COVID-19 is forcing some veterinarians to use telemedicine with clients, Scales said. Clients send photos and video of their animals’ health issues and veterinarians try to determine treatments. It’s one way to prevent the spread of both human and animal disease.

When Scales does go to a farm, she wears a mask and personal protection equipment. But visits are getting fewer.

“We are still doing the health VCPR (veterinarian-client-patient relationship), but the rules are relaxed some to help get through this time,” Scales explained.

“Clients are doing the best they can to continue to do business as normal and to provide for their employees,” she added. “And first and foremost, they want to keep everyone healthy.”

More information

To find more information about strategies to handle COVID-19 in hog operations, visit and click on the COVID-19 Resources for Pork Producers page.

Included on this resource page are many links for answers about labor regulations, stay-at-home orders by state and documents to help plan for a COVID-19 outbreak. It also includes Centers for Disease Control and Prevention recommendations for preventing COVID-19.



Deadly swine-disease outbreak at buying station triggers search for mystery pathogen

When a call came into the office last September reporting very high, unexplained sow mortalities, Daniel Gascho, DVM, didn’t expect it to be anything unusual. But when the veterinarian with Four Star Veterinary Service in Mexico, Indiana, went to investigate, he found quite the opposite.

The site was a Midwest buying station with cull sows and boars collected for market. At first, just a few sows died, and alarms weren’t raised. Cull markets and buying stations are inherently at a higher risk for diseases, Gascho said.

But then 1,000 roaster pigs were unloaded at the station and they started dying, raising serious alarms.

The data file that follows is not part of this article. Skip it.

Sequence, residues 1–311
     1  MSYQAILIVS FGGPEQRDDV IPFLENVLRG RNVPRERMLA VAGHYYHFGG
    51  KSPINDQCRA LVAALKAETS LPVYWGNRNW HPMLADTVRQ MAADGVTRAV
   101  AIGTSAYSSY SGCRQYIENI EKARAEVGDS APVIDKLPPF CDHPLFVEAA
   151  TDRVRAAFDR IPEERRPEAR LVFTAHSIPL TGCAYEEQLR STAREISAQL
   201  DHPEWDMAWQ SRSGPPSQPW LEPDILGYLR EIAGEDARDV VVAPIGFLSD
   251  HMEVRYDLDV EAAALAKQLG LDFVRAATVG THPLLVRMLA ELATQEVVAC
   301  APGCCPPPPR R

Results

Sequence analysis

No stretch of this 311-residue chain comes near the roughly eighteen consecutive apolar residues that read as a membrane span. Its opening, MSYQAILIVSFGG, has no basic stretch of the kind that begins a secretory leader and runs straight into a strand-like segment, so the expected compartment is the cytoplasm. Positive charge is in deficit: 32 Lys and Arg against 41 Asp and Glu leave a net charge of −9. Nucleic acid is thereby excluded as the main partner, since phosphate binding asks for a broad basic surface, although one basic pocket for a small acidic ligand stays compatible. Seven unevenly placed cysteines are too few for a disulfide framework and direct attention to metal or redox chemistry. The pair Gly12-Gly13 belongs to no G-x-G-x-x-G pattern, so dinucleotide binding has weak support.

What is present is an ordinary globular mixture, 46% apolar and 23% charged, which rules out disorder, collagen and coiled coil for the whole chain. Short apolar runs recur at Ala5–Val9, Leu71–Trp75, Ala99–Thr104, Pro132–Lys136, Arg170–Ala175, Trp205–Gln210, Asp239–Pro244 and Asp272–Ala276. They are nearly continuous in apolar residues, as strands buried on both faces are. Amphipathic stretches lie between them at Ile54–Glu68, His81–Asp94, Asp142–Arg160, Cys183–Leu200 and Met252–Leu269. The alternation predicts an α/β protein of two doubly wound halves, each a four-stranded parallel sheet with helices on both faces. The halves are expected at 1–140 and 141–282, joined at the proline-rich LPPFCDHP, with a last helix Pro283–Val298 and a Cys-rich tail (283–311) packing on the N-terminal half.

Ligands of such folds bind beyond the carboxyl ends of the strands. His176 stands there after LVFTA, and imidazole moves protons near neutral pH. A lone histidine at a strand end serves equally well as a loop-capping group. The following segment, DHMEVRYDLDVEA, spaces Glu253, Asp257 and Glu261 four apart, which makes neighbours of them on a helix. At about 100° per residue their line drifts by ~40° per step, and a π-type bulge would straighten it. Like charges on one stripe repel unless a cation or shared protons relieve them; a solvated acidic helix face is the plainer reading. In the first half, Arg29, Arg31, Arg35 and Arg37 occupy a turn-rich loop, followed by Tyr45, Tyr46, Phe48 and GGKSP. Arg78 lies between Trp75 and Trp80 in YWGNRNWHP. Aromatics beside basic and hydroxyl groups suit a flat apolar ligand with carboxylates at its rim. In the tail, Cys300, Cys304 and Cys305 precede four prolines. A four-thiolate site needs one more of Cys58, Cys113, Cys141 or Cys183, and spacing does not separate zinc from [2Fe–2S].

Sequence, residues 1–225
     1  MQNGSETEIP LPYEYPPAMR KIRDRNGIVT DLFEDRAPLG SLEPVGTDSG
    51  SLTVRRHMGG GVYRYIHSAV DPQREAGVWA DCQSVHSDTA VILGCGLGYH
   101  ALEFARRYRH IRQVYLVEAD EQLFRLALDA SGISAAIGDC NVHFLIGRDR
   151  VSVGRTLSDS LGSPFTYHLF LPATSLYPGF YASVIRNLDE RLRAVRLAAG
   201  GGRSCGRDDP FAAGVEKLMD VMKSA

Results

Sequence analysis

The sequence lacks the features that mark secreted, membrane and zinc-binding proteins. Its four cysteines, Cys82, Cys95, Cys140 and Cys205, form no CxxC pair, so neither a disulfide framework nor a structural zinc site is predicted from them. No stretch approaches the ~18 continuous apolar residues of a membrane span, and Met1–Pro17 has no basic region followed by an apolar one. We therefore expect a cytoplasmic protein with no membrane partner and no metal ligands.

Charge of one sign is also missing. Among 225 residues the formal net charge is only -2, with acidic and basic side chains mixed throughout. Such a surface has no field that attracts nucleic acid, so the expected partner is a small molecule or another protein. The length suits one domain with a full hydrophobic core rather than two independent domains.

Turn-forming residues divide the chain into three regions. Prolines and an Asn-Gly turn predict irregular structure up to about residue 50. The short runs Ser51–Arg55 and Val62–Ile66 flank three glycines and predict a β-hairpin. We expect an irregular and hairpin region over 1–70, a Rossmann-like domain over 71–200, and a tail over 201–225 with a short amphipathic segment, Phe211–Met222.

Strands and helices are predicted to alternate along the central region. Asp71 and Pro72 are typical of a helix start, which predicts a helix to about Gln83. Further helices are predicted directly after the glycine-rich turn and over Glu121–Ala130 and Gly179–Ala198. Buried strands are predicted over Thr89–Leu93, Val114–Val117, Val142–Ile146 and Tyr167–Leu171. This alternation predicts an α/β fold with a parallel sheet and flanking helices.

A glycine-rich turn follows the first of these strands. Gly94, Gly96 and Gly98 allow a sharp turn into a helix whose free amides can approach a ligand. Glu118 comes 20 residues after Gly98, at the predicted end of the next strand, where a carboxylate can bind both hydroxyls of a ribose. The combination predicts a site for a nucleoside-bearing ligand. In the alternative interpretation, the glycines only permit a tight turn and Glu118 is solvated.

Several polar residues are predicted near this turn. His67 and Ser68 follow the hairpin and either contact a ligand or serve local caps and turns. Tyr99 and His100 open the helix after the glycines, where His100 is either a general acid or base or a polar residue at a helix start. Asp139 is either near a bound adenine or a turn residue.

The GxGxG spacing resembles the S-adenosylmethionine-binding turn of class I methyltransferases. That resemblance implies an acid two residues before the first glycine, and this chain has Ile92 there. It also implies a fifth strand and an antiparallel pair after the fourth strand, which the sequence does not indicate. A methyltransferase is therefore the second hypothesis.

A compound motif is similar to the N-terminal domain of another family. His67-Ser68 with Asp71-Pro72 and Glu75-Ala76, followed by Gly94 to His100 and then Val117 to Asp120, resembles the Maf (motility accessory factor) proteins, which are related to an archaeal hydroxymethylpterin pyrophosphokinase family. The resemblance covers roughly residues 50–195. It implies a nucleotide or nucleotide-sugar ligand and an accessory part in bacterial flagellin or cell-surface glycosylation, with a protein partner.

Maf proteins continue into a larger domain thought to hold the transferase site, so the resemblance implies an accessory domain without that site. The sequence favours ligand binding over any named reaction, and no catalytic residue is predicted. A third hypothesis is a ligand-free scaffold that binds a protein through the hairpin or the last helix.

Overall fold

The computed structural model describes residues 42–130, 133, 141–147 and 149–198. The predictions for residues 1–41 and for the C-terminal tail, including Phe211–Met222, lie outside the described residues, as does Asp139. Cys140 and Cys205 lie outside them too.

“We had high-health, 50-pound pigs coming onto the site with no clinical signs of disease, and within 48 to 72 hours, half of them had died,” Gascho said. “It was worse than anything I’ve ever seen for an infectious disease, considering how fast they were affected after exposure. At this point we were ruling out toxin, ventilation failure or something along those lines. If infectious, it almost had to be something we were not familiar with in this country.”

Getting a diagnosis

Gascho reported the event to the proper authorities and sent off tissue samples to Iowa State University Diagnostic Laboratory for a diagnostic work-up. Worried it could be a foreign animal disease, he was relieved to have African swine fever (AFS) and similar diseases ruled out right away.

While they waited for a positive diagnosis, the buying station implemented biosecurity and depopulating protocols for the facility.

But it took a week to receive a diagnosis. “Unfortunately, most of the rapid tests we have available are for specific pathogens, so there were a lot of negatives before something was found,” Gascho explained.

The culprit: S. zooepidemicus

After ruling out many different things, the test results came back suggesting the mortality could be due to bacterial sepsis caused by Streptococcus equi ssp. zooepidemicus (S. zooepidemicus). This was the first diagnosis of S. zooepidemicus-associated mortality in pigs in the US.